MANILA — The Chinese coast guard committed a "clear violation of international law" when its vessels blocked and fired water cannons at Filipino boats on their way to Ayungin Shoal in the West Philippine Sea, former Foreign Affairs Sec. Albert del Rosario said Thursday.
Del Rosario's statement came hours after National Security Adviser Hermogenes Esperon Jr. confirmed that Chinese Coast Guard vessels hindered and used water cannons against Filipino supply boats that were transporting food supplies to military personnel at the BRP Sierra Madre based in Ayungin Shoal on Tuesday, Nov. 16.
"It is an affront to Philippine sovereign rights over its continental shelf," Del Rosario said.
Manila considers Ayungin Shoal or Second Thomas Shoal, which lies 105 nautical miles (195 km) southwest of the Philippine region of Palawan, as being within its 200-nautical mile the West Philippine Sea, or the country's exclusive economic zone.
It has occupied the shoal since 1999 after intentionally grounding the BRP Sierra Madre on the reef.
Del Rosario said that the UN-backed court ruling that invalidated Beijing's expansive economic claims in the South China Sea adjudicated Ayungin Shoal "as a low tide elevation (lte)."
"Accordingly, the tribunal ruled it unequivocally as part of the Philippine continental shelf which is not subject to territorial claim by any other country. Being not susceptible to a territorial claim by any other country, there can be no territorial dispute on the same," he said.
"Only the Philippines has the exclusive sovereign rights over its continental shelf including Ayungin Shoal."
Meanwhile, China, which has since ignored the ruling and ramped up militarization and island-building activities in the waters, said Filipino boats in the recent incident with its coast guard were "trespassing into Chinese waters."
“Chinese coast guard vessels performed official duties in accordance with law and upheld China's territorial sovereignty and maritime order," Chinese Foreign Ministry spokesperson Zhao Lijian said in a press conference in Beijing.
Manila has diplomatically protested and condemned "in strongest terms" the actions of the Chinese vessels.
Del Rosario, who commended the move to file a diplomatic protest, said the Chinese aggression may have been encouraged or can be traced back by past diplomatic or foreign policy mistakes by the current administration.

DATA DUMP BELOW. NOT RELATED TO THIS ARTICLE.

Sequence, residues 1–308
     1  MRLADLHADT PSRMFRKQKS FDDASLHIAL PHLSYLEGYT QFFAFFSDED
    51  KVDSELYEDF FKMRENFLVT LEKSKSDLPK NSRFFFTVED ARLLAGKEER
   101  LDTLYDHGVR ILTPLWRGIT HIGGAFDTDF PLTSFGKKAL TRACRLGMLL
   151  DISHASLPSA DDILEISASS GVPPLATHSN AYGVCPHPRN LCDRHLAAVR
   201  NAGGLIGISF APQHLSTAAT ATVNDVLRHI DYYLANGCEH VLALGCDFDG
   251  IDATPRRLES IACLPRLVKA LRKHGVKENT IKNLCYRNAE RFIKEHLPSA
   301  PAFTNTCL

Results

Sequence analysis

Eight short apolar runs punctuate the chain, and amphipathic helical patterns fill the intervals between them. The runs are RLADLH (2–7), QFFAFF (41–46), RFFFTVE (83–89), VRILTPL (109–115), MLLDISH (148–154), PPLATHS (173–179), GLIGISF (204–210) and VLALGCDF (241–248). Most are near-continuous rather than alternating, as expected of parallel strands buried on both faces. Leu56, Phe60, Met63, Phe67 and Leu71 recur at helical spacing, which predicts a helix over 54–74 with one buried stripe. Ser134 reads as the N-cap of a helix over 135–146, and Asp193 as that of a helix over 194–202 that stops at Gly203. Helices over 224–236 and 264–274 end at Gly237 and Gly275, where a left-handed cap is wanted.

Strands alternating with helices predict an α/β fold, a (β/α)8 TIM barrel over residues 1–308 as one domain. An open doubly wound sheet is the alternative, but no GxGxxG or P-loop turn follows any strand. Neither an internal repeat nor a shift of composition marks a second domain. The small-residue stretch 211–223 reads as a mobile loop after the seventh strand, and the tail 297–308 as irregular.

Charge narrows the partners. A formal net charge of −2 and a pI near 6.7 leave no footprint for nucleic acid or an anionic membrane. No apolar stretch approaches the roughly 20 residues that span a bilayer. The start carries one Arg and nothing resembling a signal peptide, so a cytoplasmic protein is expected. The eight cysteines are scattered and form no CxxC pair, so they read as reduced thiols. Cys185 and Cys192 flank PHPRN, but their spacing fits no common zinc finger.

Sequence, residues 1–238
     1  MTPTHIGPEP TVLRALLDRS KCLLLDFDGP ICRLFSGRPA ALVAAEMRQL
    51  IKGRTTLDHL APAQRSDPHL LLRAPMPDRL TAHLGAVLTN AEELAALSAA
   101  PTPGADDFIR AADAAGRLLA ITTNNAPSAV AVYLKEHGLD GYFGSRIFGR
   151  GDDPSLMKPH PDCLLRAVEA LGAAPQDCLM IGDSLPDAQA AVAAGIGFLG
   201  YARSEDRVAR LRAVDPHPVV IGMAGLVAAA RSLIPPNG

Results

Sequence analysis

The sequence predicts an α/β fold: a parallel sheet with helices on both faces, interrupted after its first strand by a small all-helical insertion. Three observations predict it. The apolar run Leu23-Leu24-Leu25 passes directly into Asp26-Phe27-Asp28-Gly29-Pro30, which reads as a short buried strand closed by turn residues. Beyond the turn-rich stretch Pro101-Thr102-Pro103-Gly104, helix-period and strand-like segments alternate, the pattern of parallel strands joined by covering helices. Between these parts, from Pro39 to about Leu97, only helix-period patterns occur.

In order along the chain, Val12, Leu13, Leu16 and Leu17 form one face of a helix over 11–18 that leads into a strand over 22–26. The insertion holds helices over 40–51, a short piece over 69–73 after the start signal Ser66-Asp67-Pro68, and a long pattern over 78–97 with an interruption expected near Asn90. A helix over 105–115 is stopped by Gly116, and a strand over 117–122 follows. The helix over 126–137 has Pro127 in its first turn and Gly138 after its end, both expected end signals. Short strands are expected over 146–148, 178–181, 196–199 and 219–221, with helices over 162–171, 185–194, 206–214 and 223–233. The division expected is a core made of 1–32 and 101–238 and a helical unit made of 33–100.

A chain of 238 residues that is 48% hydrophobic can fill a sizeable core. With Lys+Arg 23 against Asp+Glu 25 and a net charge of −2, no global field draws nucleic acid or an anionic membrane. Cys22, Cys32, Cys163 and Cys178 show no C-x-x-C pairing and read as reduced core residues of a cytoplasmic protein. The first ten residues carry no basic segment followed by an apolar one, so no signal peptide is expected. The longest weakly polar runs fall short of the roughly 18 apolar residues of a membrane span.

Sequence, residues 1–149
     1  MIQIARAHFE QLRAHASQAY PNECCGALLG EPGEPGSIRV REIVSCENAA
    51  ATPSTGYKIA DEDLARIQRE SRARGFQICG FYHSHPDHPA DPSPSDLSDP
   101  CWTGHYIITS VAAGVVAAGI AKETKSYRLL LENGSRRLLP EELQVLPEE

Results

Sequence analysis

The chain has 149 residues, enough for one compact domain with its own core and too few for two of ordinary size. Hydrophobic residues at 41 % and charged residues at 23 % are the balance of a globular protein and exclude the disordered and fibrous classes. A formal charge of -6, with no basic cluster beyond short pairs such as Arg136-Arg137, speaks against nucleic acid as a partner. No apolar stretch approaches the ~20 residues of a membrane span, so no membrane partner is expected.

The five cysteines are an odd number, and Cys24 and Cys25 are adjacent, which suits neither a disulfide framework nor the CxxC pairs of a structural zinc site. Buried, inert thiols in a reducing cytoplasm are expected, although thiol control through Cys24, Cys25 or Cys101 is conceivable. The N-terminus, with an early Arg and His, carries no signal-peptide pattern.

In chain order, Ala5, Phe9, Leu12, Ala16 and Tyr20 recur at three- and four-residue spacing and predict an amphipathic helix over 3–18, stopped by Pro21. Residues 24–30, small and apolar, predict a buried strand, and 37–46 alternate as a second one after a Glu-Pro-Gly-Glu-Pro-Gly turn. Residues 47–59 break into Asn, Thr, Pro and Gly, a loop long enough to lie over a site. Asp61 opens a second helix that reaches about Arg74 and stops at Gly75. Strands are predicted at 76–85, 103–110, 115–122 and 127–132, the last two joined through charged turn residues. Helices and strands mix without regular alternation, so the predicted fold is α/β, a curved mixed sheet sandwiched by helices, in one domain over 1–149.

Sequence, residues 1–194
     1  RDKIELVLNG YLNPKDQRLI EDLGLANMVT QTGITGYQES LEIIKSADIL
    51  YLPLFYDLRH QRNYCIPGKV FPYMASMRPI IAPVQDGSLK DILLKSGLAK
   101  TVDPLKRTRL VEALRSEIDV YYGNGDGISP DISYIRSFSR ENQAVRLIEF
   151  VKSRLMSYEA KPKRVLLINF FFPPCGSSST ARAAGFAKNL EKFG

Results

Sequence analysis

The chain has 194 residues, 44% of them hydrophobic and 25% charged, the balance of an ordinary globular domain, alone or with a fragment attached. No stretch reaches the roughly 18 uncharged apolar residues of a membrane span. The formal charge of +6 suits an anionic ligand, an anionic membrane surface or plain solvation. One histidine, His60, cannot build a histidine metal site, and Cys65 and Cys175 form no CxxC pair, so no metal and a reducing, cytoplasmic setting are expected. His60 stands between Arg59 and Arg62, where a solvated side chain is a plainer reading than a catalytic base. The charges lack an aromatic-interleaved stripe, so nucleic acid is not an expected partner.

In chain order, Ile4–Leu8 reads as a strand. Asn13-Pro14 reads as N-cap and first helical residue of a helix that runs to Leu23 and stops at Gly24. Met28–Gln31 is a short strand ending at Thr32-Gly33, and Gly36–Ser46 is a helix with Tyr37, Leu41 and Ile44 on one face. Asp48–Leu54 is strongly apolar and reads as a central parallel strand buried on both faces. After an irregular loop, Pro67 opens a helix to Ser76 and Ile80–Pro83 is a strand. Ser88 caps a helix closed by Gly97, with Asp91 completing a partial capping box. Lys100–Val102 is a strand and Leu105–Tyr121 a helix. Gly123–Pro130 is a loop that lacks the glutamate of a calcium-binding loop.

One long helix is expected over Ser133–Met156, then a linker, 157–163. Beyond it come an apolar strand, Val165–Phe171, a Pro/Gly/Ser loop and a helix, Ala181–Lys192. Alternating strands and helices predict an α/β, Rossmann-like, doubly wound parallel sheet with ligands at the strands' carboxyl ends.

Manila earlier chose to have bilateral talks with Beijing to settle the two countries' maritime dispute in the South China Sea, instead of taking a multilateral approach which local and international experts and officials were calling for.
"We focused principally on bilateral diplomacy while neglecting the other tools in our toolbox which would have enabled us to move the tribunal’s ruling to the next level," he said.
"Ayungin Shoal is ours. The (UN-backed) tribunal agreed with us more than five years ago."
MUTUAL DEFENSE TREATY WITH US
Del Rosario, who was foreign affairs chief when Manila lodged the arbitration case against Beijing in 2013, said the Philippines should consider Ayungin Shoal "as a proper subject of the Mutual Defense Treaty" with the United States.
He also called on government to consider joint patrols in the West Philippine Sea with security allies.
The Philippines and the United States on Wednesday unequivocally affirmed the 2016 arbitral award that invalidated China’s expansive claims over the South China Sea.
Both countries reiterated the application of the Mutual Defense Treaty on an armed attack on Philippine armed forces, public vessels, or aircraft in the hotly-contested waters.
Incumbent Foreign Affairs Sec. Teodoro Locsin, Jr. said he also reminded Chinese Ambassador to the Philippines Huang Xilian that public vessels are covered by the 70-year-old pact, as he conveyed Filipino condemnation and protest of the Ayungin Shoal incident.